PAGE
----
You Can Take It with You
- By Joern Wettern
BitLocker to Go, a new feature in some editions of the upcoming Windows 7 and Windows Server 2008 R2, lets you encrypt data on removable drives. With the new feature, you don't have to worry about what happens when you lose a flash drive. However, you should still plan carefully in order to prevent data loss.
Windows Vista's BitLocker feature encrypts your computer's hard drive to ensure that data remains confidential even if your computer is lost or stolen. With Windows 7, Microsoft extends this protection to removable drives, including USB flash drives.
BitLocker to Go protects your data using a password or smart card. As a bonus, you can read the encrypted data on computers running Windows XP or Vista. This removable drive encryption is easy to use, but you'll need to think about how to recover data if a user forgets a password or loses a smart card.
To encrypt a drive, simply go to the BitLocker applet in the Control Panel, select the drive and turn on encryption. BitLocker to Go prompts you for a password or smart card and then gives you the option to either save to a file or print out the recovery code. Once you've entered all required information, BitLocker to Go encrypts the drive, which may take a few minutes. The BitLocker application in the Control Panel also lets you change a password or start the recovery process, which involves typing the 40-character code from the recovery file or printout. Make sure you store this recovery data in a safe location where it's protected against unauthorized access, and from where you can retrieve it in case of an emergency.
To access the data on the drive, insert it into any computer running Windows 7 and, when prompted, type the password or insert the smart card and type the PIN. To avoid having to type the password every time you use the drive, Windows 7 gives you the option to remember your password so that you only have to type it the first time you use a removable drive on a computer.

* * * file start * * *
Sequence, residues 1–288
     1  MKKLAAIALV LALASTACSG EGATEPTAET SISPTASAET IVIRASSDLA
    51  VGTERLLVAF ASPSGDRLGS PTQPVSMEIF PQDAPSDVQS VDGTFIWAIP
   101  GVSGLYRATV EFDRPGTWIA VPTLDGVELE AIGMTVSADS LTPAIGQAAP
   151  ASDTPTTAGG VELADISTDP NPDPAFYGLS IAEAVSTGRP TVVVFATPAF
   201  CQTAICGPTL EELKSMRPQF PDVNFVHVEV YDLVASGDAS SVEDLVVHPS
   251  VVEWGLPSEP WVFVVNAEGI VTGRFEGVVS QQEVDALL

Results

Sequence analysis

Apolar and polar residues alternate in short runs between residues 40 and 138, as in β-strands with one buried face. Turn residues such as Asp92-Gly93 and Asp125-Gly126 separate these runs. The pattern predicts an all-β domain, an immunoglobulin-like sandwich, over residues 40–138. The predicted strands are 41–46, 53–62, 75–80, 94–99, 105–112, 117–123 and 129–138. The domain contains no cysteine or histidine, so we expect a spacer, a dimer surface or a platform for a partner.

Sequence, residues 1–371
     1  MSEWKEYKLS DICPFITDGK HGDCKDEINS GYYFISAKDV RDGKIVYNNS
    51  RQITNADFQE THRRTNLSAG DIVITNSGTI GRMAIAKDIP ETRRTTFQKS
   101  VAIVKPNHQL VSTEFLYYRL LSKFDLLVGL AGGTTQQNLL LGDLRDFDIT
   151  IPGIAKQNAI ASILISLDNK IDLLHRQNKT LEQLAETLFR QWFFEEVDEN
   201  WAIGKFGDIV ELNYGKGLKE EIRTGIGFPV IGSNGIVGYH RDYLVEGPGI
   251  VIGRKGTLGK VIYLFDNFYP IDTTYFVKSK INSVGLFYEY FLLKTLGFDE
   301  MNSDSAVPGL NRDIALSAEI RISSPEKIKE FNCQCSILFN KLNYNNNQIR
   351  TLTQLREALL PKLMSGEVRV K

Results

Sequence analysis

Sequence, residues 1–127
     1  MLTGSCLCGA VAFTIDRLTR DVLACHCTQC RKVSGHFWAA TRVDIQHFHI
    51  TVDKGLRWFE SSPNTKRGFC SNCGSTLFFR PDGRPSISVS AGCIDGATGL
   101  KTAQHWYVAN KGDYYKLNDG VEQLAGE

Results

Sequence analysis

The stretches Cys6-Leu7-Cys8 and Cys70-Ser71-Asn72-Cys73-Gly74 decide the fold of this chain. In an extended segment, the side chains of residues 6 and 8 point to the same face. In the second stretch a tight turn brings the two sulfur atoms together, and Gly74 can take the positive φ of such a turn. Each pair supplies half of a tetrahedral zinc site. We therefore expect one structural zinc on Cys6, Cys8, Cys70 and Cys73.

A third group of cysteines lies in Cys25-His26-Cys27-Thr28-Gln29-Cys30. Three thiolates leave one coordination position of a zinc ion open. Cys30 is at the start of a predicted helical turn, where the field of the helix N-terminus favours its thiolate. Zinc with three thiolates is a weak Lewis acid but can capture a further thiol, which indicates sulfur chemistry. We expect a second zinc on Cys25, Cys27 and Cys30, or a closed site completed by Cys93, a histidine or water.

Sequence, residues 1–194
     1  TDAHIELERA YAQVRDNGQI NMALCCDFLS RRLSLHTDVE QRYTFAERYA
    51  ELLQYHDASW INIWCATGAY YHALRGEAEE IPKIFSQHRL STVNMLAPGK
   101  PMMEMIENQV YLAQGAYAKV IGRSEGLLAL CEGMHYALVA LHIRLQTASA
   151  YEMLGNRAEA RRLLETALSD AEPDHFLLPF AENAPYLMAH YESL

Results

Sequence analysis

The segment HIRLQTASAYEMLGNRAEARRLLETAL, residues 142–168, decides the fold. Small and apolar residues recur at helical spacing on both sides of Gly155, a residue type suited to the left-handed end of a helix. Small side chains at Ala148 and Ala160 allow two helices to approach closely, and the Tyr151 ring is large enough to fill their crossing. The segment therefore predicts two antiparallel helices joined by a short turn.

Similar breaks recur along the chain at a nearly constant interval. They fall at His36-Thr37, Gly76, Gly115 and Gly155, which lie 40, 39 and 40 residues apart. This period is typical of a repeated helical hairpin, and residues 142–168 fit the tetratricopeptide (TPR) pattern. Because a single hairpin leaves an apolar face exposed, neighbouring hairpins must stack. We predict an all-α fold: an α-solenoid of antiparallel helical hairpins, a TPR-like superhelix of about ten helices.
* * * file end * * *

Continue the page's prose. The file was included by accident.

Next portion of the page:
You can't edit the files on an encrypted drive or add new ones unless your computer is running Windows 7. So, while BitLocker to Go Reader can be a useful tool to facilitate the secure distribution of data in a heterogeneous environment, it only lets you edit the same data on multiple computers if you're running Windows 7 on all of those computers.
I Need My Data!
You may always select secure passwords and never forget them, but you can probably think of some co-workers who always use their pets' names as passwords and, if forced to use anything more complex, forget it in minutes. Sooner or later, you'll have to help them recover their BitLocker to Go data. To ensure you'll be able to help them, you must configure some of the new BitLocker to Go Group Policy settings. Until you've thoroughly planned your recovery procedures, you may even want to use Group Policy to disable mobile drive encryption.
To ensure data recovery in a corporate environment, you can't rely on users to store or print the recovery information. You can use Group Policy to enforce that this data is saved to a shared folder, but configuring permissions so that users can only access recovery data for their own drives can be tricky. Instead, consider saving recovery data to Active Directory.
Using a smart card for BitLocker to Go provides the best protection, but often passwords are more practical. Group Policy settings let you enforce a minimum password length and complexity. You may be tempted to require the same password length as for your log-in passwords, but this may not provide adequate security. A log-in password only needs to be strong enough to withstand a brute force attack until it expires or is changed.
BitLocker to Go can be a useful tool to secure corporate data. Before you make it available to users, though, consider the implications of doing so, and use the new Group Policy settings to ensure both the security and availability of your data.
About the Author
Joern Wettern, Ph.D., MCSE, MCT, Security+, is the owner of Wettern Network Solutions, a consulting and training firm. He has written books and developed training courses on a number of networking and security topics. In addition to helping
companies implement network security solutions, he regularly teaches seminars and speaks at conferences worldwide.